Archive Notice - OSHA Archive

NOTICE: This is an OSHA Archive Document, and may no longer represent OSHA Policy. It is presented here as historical content, for research and review purposes only.

OSHA requirements are set by statute, standards and regulations. Our interpretation letters explain these requirements and how they apply to particular circumstances, but they cannot create additional employer obligations. This letter constitutes OSHA's interpretation of the requirements discussed. Note that our enforcement guidance may be affected by changes to OSHA rules. Also, from time to time we update our guidance in response to new information. To keep apprised of such developments, you can consult OSHA's website at

June 24, 1976

Honorable Robert W. Daniel, Jr.
House of Representatives
Washington, D. C. 20515

Dear Congressman Daniel:

This is in response to your letter of May 13, 1976, which transmitted a letter dated April 12, 1976, from Mr. W. T. Wesson of Continental Telephone of Virginia. The letter concerned photo grey lens in relation to eye protection standards.

The Occupational Safety and Health Administration (OSHA), in administering the Occupational Safety and Health Act of 1970, is required to enforce applicable OSHA standards and regulations. Your constituent's eye protection, when required in his place of employment, appears to be covered by 29 CFR 1910.268(i)(2) Telecommunications, Other Tools and Personal Protective Equipment, Eye Protection (enclosed sheet #1). This standard became effective on April 30, 1975.

29 CFR 1910.268(i)(2), among other things, requires the eye protection to meet the requirements of 29 CFR 1910.133(a)(2) through (a)(6), which are listed on enclosed sheet #2. 29 CFR 1910.133(a)(6) requires that design, construction, testing, and use of devices for eye and face protection shall be in accordance with American National Standard Institute's (ANSI) Standard for Occupational and Educational Eye and Face Protection Z87.1-1968. This ANSI standard is quite explicit in that statement of compliance with the standard must include all performance requirements in their entirety.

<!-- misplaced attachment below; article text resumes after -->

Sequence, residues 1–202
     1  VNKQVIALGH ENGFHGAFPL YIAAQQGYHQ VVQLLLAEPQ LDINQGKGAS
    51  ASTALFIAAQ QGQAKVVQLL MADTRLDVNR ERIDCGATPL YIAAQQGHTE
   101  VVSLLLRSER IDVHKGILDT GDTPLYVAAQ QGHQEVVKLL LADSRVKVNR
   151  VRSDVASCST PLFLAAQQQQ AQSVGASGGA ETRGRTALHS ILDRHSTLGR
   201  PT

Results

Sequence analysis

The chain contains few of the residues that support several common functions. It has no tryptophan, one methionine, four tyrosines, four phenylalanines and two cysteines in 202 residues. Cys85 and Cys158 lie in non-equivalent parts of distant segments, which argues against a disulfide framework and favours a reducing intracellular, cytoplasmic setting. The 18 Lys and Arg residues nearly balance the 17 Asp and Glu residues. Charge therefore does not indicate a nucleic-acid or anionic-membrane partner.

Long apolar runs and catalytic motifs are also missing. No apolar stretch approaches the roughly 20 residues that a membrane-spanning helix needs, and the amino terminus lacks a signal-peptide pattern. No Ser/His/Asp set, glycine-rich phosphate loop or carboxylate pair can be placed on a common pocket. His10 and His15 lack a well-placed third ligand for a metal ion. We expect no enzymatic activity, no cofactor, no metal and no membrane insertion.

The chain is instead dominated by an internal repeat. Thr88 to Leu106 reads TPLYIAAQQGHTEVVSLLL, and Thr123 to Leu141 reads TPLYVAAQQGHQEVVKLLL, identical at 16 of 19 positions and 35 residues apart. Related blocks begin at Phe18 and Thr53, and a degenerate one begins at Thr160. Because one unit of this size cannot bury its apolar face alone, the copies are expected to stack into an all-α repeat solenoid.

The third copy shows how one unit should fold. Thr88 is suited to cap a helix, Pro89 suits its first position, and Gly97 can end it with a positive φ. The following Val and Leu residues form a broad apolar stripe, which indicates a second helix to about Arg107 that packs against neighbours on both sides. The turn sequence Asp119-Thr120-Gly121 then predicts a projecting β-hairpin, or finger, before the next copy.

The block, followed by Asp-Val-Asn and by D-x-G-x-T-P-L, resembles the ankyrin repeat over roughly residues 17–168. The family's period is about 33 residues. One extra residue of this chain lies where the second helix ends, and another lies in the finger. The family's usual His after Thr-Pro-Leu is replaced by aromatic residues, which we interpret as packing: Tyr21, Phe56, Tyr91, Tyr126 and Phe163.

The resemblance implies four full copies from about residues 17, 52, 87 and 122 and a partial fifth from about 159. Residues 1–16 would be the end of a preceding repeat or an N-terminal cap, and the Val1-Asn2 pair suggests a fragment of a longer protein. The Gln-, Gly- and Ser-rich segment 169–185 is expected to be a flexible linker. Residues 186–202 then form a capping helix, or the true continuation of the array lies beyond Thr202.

OSHA does not approve or disapprove eye protection equipment. If your constituent's protective goggles or spectacles and their "photo grey" lens meet the requirements of ANSI Z87.1-1968, the manufacturer of these items will mark them as required by this standard. The manufacturer's markings would indicate that the eye protection equipment met the requirements of 29 CFR 1910.133(a)(6).

There may be instances where the Compliance Safety and Health Officer, during an OSHA inspection, may decide that a violation of this standard (29 CFR 1910.133(a)(6)) may warrant a de minimis notice in lieu of a citation due to a violation of a technicality that has no direct or immediate relationship to safety or health. No penalties are proposed for de minimis notices, and there is no abatement requirement. Prescription glasses may be in this category.

OSHA's Area Office in Richmond, Virginia, and the National Office in Washington have a copy of ANSI Z87.1-1968 for examination. ANSI Z87.1-1968 may also be purchased from the Sales Department, American National Standards Institute, 1430 Broadway, New York, N. Y. 10018, for about $6.

If I may be of any further assistance, please feel free to contact me.


Bert M. Concklin
Deputy Assistant Secretary